To understand just how big a feat the U.S. women’s soccer team achieved in winning the 2019 World Cup, start here: The Americans beat five of the sport’s top 15 teams -- including those nations ranked Nos. 13, 4, 3, and 8 -- in consecutive elimination games.
Four years ago, the Americans played only four of the top 15, beat only three of them (they tied Sweden), and had the benefit of playing next door to home in Canada. This time they not only won every game, they did so on their rivals’ turf in Europe, and with the target of defending champion on their back.
This team also beat a lot of opponents in its own country. For months leading up to the tournament, players and coaches were peppered with questions about the U.S.'s falling off its perch as women’s soccer’s superpower. A lot of fans didn’t think the champs would repeat this summer. Some disagreed with Jill Ellis’ lineups and tactics.
And that’s before President Trump offered his two cents to Megan Rapinoe.
The question that loomed largest wasn’t about goalkeeper Alyssa Naeher’s lack of pedigree or Ellis’ lack of sense. It was whether the U.S. program has developed enough skilled players to keep raising its game as the rest of the world rises faster.
It took a while to learn the answer. The 16 goals scored against Thailand and Chile didn’t mean much, given the quality of the opposition. There were moments of brilliance against Sweden, followed by a clash with Spain that felt at times like a hockey game.
Then came the proof. Yes, the U.S. beat France because the hosts cracked under the unrelenting pressure of a World Cup. That’s been the Americans’ favorite fuel since the pioneers of 1991 won the team’s first title.
But the current champs showed real skill, too. The second goal was terrific, and what should have been a third was even better. It will be lost to history because one of Crystal Dunn’s toes was offside in the buildup.
As for England, be honest, even with hindsight: Did the English really have the individual quality to match Sam Mewis, Rose Lavelle, Tobin Heath, Rapinoe, and so on? No, they didn’t.
Mewis’ success validated those who for months called for her to have a greater role. Opponents had no answer when her 6-foot frame charged through midfield with the ball.
Lavelle was stuck in bad matchups sometimes, but she proved on the whole that Ellis was right to put her playmaking talent at center stage. Her goal in the final, a fine shot after a rampaging run up the middle, officially silenced the critics.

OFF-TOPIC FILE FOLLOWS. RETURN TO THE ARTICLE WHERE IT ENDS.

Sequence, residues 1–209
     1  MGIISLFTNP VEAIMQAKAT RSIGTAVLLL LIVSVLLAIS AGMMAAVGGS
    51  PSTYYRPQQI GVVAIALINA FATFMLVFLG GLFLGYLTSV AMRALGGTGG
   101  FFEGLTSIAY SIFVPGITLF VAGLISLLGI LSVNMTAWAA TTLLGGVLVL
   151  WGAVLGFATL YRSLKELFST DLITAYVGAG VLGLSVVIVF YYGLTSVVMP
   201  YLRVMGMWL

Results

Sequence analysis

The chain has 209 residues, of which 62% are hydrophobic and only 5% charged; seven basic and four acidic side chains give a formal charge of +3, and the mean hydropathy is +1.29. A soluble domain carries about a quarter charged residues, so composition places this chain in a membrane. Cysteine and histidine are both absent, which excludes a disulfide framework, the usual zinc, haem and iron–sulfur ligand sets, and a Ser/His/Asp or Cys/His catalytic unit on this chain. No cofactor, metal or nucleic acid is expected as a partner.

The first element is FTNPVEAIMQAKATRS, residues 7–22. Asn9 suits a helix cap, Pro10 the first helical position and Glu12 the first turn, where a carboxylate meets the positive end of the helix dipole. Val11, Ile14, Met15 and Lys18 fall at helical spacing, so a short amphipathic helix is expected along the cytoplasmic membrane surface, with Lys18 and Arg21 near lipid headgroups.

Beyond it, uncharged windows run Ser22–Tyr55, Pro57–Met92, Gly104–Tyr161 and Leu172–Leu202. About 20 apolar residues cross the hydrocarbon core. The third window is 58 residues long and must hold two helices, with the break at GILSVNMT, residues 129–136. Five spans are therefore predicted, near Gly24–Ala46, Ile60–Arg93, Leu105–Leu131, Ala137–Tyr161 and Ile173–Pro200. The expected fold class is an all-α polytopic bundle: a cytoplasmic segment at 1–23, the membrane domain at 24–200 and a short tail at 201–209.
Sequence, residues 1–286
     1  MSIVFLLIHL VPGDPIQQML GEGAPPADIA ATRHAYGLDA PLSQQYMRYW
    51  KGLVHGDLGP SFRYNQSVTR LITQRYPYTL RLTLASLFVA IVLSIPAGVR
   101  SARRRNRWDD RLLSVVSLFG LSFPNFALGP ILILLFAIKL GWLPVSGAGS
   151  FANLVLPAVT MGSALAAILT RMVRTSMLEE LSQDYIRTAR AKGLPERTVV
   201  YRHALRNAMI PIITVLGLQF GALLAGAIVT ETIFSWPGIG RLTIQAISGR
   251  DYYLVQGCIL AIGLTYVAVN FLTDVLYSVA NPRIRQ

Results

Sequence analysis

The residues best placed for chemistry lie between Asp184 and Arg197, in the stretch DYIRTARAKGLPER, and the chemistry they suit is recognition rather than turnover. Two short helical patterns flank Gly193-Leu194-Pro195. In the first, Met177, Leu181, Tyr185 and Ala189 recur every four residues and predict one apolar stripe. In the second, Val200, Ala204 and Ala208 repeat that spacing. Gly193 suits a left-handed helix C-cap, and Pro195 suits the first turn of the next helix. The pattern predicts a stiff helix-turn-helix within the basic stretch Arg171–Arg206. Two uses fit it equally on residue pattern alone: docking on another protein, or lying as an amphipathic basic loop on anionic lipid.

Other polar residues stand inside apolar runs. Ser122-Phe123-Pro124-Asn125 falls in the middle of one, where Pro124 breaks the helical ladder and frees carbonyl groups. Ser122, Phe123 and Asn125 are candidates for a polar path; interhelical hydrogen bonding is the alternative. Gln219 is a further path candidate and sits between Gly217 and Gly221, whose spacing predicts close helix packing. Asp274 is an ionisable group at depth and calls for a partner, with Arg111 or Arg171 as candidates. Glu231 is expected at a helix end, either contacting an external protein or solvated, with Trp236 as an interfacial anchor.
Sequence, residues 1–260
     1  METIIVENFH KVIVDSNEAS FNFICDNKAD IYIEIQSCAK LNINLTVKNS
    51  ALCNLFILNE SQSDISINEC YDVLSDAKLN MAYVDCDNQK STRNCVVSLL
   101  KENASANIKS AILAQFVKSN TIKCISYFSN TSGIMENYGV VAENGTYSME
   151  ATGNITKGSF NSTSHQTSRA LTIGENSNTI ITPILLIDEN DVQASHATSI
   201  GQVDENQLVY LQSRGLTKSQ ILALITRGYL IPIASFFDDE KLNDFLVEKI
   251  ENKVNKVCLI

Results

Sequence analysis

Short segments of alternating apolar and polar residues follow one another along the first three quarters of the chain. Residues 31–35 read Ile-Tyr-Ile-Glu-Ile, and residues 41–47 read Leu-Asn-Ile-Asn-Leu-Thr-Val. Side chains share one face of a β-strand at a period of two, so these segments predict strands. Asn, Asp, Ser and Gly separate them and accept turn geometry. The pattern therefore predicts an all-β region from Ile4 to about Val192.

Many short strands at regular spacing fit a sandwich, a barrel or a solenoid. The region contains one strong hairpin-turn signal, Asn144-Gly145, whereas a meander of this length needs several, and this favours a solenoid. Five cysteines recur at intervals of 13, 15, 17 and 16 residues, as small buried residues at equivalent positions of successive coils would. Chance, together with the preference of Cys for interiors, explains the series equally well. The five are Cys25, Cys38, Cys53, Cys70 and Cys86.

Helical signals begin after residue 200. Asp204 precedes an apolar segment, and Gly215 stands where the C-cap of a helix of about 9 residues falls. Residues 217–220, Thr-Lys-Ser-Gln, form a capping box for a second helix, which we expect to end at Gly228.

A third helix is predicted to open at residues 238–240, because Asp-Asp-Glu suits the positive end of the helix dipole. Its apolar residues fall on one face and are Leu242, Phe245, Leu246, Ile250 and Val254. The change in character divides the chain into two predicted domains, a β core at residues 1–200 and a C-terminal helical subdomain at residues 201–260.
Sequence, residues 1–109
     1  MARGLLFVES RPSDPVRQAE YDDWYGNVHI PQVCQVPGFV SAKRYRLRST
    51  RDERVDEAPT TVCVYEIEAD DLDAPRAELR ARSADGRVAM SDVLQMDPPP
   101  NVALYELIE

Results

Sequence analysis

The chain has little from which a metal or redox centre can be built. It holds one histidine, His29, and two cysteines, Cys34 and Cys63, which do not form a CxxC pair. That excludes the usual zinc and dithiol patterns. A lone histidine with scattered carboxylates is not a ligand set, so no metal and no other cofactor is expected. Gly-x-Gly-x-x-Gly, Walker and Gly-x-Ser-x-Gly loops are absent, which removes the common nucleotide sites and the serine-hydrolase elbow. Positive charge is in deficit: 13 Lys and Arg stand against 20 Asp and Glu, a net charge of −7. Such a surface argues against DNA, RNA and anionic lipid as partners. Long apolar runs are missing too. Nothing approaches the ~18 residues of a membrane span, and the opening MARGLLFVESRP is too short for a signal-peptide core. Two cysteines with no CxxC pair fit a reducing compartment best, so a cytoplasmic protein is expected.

Heath wasn’t always great, but she was always dangerous enough to not be left alone. That was proven by how many teams focused on stopping her.
Most remarkable, the U.S won the World Cup even though Ellis repeatedly left Lindsey Horan, the team’s best individual talent, on the bench. Horan played just 357 of 630 possible minutes, was a substitute against France and Spain, and was out of the final completely.
Then there was Rapinoe, taking her place in the lineage of U.S. stars who seize the spotlight. She had as much ice in her veins at the microphone as she did at the penalty spot.
Put it on me, she told the world, because I can take it. And in doing so, she deflected attention from players who didn’t want it.
Might that include the player who put the U.S. in the final? Alex Morgan is no stranger to the big stage, but after scoring five goals in the opener she scored none in four straight. When Rapinoe commanded the headlines, there was barely a word about the drought.
Yet Morgan worked hard all along. She took poundings from opponents, especially Spain. And when it counted most, she rose above the English and sent them home with as much force as her tea-dumping ancestors two centuries ago. Her celebration was fully earned, as was the riposte to men who flaunt their successes but believe female athletes shouldn’t.
Let’s not forget the defense either: Naeher’s big saves, Abby Dahlkemper’s great passes, Becky Sauerbrunn’s leadership, Julie Ertz’s grit, and Crystal Dunn’s and Kelley O’Hara’s hustle. Remember the complaints about this team not having a true left back? Dunn still isn’t one, but she was outstanding in France.
Now the story turns to what comes next. There should be a lot, and well after Wednesday’s ticker-tape parade in New York. If four World Cup stars and four Olympic gold medals haven’t proven that, what will?
After setting Nike’s record for the most-sold soccer jersey of either gender in a single season, will the sportswear giant ensure it’s easy to break the record again? Will the U.S. Soccer Federation see to it that pay inequities derived from its own revenues are resolved? Most important, will media and corporate sponsors step up to treat the NWSL as a major league, not a sideshow? (And will the league and its U.S. Soccer overlords make sure they can?)
Were these decisions solely up to the millions of American fans who watched the final, we’d know the answers. But the power of the purse remains with a select few, mostly men and mostly well-entrenched.
From the “Equal pay!” chants that rained down in Lyon to the roars that rose up from bars across this country, there’s been more than enough noise to prove that consumer demand exists for women’s soccer.
The time has come to meet it.